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What are the new Non-PHO shortening choices, and how do they differ for
First, what is "high oleic" oil?
High oleic oil is any oil that is high in monounsaturated fats. Olive and canola oil are
naturally high in monounsaturated fat, but they are also high in polyunsaturated
fats which mean they are not very shelf-stable. In recent years, scientists have
developed sunﬂower, soy (and other) oils that are bred to be high in monounsaturated fats and low in polyunsaturated fats, so they can be used in products that
need to be shelf-stable.
Our premium brand shortenings Primex and Sweetex use these oils and are the
most stable and closest to the PHO products of the past.
What about palm oils?
Palm oil has natural characteristics that mirror partially hydrogenated oils (i.e.
good creaming properties) Pricing is similar to soybean oil and availability is excellent. But they can be hard when they get cold.
What is EIE?
Enzymatic interesteriﬁcation (EIE) is the reaction that occurs when an enzyme
(protein) is introduced into an oil and rearranges the fatty acids. The rearrangement provides structure and functionality to the triglycerides at room temperature. The EIE process adjusts the melting properties and improves crystallization.
This increases the functionality and plasticity in the shortenings. They can be soft
when they get warm.
What does the Flex logo mean on Stratas boxes?
Flex technology improves both palm and interesteriﬁed soy shortenings by widening working ranges and improving plasticity.
* Flex Ball in black on the box means it's a palm based shortening.
* Flex Ball in red on the box means it's a soy based EIE shortening.
* Flex Ball in Gold on the box means it's made with EIE hi-oleic oil.
Bakers looking for true PHO-free drop-in replacements for
donut frying applications need look no further than the
innovative donut fry shortenings from Stratas Foods.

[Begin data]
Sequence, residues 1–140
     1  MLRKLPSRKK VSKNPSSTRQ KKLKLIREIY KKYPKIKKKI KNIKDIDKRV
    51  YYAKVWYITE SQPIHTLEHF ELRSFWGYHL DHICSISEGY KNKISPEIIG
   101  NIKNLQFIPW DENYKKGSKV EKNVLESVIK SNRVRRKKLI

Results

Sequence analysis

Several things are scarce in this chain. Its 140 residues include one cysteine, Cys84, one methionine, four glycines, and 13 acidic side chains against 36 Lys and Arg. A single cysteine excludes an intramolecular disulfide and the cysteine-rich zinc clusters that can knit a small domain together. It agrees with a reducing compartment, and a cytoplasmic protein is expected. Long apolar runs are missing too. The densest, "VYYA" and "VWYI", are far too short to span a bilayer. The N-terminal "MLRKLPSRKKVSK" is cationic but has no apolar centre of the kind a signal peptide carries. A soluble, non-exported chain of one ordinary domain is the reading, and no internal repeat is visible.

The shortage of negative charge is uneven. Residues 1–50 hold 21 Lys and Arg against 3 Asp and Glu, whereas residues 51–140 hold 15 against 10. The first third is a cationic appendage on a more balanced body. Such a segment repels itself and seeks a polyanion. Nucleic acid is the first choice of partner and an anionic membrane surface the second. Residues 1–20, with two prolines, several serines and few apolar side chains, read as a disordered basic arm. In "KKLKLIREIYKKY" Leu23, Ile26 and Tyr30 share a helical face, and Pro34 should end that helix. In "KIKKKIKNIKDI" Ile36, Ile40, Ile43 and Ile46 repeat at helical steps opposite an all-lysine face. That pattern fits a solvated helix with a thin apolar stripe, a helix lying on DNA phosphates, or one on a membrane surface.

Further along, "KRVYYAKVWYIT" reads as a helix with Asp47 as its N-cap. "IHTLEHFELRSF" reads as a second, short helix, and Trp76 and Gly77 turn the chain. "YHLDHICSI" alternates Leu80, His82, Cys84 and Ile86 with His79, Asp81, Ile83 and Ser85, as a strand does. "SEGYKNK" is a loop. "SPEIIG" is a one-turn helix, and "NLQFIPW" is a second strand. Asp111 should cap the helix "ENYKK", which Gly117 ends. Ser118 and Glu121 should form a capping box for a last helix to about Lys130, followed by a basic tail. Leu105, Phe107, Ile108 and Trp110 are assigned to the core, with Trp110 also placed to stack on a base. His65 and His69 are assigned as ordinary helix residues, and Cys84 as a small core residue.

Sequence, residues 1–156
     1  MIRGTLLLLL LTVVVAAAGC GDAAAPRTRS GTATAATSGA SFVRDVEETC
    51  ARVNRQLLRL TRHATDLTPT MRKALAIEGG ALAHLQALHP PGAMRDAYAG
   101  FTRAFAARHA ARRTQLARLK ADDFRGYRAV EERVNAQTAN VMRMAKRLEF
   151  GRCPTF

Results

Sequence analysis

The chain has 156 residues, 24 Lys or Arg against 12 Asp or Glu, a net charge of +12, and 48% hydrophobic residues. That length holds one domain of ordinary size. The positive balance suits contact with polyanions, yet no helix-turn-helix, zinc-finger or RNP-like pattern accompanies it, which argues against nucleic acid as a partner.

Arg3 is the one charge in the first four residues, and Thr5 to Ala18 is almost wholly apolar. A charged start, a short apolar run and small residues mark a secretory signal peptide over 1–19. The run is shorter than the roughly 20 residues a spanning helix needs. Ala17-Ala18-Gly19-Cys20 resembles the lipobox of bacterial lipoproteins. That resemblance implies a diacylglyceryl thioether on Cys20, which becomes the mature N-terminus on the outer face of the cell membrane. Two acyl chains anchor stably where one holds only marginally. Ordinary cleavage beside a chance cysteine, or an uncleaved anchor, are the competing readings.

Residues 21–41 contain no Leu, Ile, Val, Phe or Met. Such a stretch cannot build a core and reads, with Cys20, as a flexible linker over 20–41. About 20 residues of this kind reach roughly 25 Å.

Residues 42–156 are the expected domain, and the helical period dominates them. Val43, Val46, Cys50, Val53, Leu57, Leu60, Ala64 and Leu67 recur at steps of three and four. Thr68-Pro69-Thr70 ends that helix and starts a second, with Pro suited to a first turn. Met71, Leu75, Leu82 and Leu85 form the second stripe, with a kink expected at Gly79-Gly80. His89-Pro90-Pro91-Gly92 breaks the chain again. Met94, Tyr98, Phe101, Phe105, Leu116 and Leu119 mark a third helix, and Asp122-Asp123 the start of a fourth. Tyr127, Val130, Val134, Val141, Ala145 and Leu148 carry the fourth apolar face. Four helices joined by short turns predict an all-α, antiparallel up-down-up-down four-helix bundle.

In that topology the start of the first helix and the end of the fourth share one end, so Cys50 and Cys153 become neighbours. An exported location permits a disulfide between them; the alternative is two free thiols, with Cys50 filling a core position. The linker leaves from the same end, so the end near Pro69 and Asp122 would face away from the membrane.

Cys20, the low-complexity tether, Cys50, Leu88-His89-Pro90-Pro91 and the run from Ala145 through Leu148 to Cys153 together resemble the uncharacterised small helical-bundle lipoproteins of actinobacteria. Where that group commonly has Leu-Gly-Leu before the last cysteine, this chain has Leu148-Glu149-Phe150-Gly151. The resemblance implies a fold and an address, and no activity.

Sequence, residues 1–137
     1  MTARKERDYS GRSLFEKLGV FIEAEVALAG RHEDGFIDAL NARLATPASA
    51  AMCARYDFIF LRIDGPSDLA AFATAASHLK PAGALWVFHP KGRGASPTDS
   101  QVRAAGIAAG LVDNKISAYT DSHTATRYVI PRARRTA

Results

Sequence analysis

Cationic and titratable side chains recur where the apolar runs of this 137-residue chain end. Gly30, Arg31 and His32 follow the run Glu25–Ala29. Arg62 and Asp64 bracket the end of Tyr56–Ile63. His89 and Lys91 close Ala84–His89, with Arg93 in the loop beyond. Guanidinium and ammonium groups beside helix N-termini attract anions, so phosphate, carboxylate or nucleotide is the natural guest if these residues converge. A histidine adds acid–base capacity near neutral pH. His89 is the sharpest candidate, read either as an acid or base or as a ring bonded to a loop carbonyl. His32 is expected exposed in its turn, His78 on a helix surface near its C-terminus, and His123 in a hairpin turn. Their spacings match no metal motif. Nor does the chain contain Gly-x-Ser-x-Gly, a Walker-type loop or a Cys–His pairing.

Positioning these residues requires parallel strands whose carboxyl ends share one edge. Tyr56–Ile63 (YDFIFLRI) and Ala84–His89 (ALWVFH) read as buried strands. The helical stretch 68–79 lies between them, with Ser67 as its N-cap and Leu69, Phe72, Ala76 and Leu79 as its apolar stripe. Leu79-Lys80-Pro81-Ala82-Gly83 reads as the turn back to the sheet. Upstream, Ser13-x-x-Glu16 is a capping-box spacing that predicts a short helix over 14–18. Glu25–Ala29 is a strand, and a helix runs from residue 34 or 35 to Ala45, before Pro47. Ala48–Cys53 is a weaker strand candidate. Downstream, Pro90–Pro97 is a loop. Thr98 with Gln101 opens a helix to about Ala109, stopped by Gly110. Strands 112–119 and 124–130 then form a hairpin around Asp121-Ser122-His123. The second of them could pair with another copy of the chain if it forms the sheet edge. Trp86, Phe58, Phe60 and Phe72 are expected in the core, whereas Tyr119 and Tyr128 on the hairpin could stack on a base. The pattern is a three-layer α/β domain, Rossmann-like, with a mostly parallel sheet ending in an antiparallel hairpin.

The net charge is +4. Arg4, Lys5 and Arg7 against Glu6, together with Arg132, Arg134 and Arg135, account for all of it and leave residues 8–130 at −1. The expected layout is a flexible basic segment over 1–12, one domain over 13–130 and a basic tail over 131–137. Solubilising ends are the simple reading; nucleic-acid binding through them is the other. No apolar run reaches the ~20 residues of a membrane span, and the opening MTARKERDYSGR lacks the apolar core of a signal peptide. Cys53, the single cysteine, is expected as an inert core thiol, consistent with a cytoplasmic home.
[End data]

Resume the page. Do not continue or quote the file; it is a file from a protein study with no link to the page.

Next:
"Fortunately for donuts, this is what I consider to be
in many cases a true drop-in replacement," says Mitch
Riavez, national accounts manager for Stratas Foods and a
fourth-generation baker. Whether you use a PHO-free palm
shortening or a PHO-free soybean-based shortening from
Stratas, "they both work equally as well."
STRATAS FOODS OFFERS BAKERS ALL THE NEEDED OPTIONS:
Primex Golden Flex Donut Fry is a zero grams trans-fat, allpurpose soybean-based shortening, designed to handle the
most demanding frying situations. It works great in the donut
fryer and in many other heavy-duty frying applications.
Super Fry Soy Flex is a domestic soybean-based
shortening that offers a creamier, more consistent texture, a
wide temperature range and contains no tropical oils. Super
Fry Soy Flex is a zero grams trans-fat donut fry shortening
that is great for a multitude of deep frying applications in
bakeries and donut shops.
Super Fry Z Palm Donut Fry Shortening is a zero grams
trans-fat, all-purpose palm frying shortening, designed to
handle the most demanding frying situations.
When working with palm or soybean-based donut fry
shortenings, there are subtle differences you should take
note of, Riavez says.
When frying in a palm shortening, especially with cake
donuts, you'll have a slightly more open grain or cell
structure. Remember because there is 35% to 38% fat
absorption in a cake donut, the taste and mouthfeel can
be slightly different when using palm.
Stick with a hard fat for any of your donut frying
applications. Don't make the mistake of frying donuts
in liquid shortening. "It's not actually a very good idea,"
Riavez says. "It won't set up on the outside of the donut
very well, and it won't allow icings, or powdered sugars,
to adhere as well."
For additional information, please contact your
Stratas sales representative, or review our product
lines at www.stratasfoods.com.